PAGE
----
General Cargo Terminal - Conakry Port S.A., Container Terminal, Bauxite Terminal, Aluminium Terminal - Rusal Frigua
In 1970 conflict between Portuguese forces and the PAIGC in neighbouring Portuguese Guinea (now Guinea-Bissau) spilled into the Republic of Guinea when a group of 350 Portuguese troops and Guinean loyalists landed near Conakry, attacked the city and freed 26 Portuguese prisoners of war held by the PAIGC before retreating, having failed to overthrow the government or kill the PAIGC leadership.
According to human rights groups, 157 people died during the 2009 Guinea protest when the military junta opened fire against tens of thousands of protesters in the city on 28 September 2009.
Popular anger at shortages in Conakry was entwined with anti-government protests, strikes, and violence against the rule of President Lansana Conté and the successive prime ministers Cellou Dalein Diallo and Eugène Camara appointed to fill the post after the resignation of Prime Minister François Lonseny Fall in April 2004. Violence reached a peak in January–February 2007 in a general strike, which saw over one hundred deaths when the Army confronted protesters.
Conakry (/ˈkɒnəkri/; French pronunciation: [kɔnakʁi]; Susu: Kɔnakiri; N’ko: ߞߐߣߊߞߙߌ߫, Fula: Konaakiri 𞤑𞤮𞤲𞤢𞥄𞤳𞤭𞤪𞤭) is the capital and largest city of Guinea. A port city, it serves as the economic, financial and cultural centre of Guinea. Its population as of the 2014 Guinea census was 1,660,973.
Periodic power and water cuts have been a daily burden for Conakry's residents since early 2002. Government and power company officials blame the drought of February 2001 for a failure of the hydro-electric supply to the capital, and a failure of aging machinery for the continuation of the crisis. Critics of the government cite mis-management, corruption and the withdrawal of the power agency's French partner at the beginning of 2002. As of 2007[update], much of the city has no traffic lighting in the overnight hours.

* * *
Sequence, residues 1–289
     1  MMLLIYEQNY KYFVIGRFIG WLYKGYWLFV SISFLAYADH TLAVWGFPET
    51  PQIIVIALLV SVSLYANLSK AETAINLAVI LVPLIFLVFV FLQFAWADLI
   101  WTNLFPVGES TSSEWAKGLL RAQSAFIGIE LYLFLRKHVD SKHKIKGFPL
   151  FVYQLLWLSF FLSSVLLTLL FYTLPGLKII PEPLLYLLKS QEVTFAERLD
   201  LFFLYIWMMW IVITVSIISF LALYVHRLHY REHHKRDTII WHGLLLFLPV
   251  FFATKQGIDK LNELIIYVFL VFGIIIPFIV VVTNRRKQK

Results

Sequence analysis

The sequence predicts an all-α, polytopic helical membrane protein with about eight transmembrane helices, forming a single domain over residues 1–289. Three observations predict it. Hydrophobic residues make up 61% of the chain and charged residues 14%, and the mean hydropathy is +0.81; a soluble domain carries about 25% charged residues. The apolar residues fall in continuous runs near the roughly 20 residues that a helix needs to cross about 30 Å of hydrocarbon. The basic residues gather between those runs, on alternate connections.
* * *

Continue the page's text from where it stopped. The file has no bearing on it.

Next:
Important Islamic mosques in the city include the Grand Mosque of Conakry. There are also Christian churches and temples, including the Roman Catholic Archdiocese of Conakry's Cathédrale Sainte-Marie, the Église Protestante Évangélique de Guinée (Alliance World Fellowship), and the Assemblies of God.
The current population of Conakry is difficult to ascertain, although the U.S. Department of State's Bureau of African Affairs has estimated it at 2 million, accounting for one sixth of the entire population of the country.
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Conakry is Guinea's largest city and its administrative, communications, and economic centre. The city's economy revolves largely around the port, which has modern facilities for handling and storing cargo, through which alumina and bananas are shipped. Manufactures include food products and cement, metal manufactures, and fuel products.
In the decades after independence, the population of Conakry boomed, from 50,000 inhabitants in 1958 to 600,000 in 1980, to over two million today. Its small land area and relative isolation from the mainland, while an advantage to its colonial founders, has created an infrastructural burden since independence.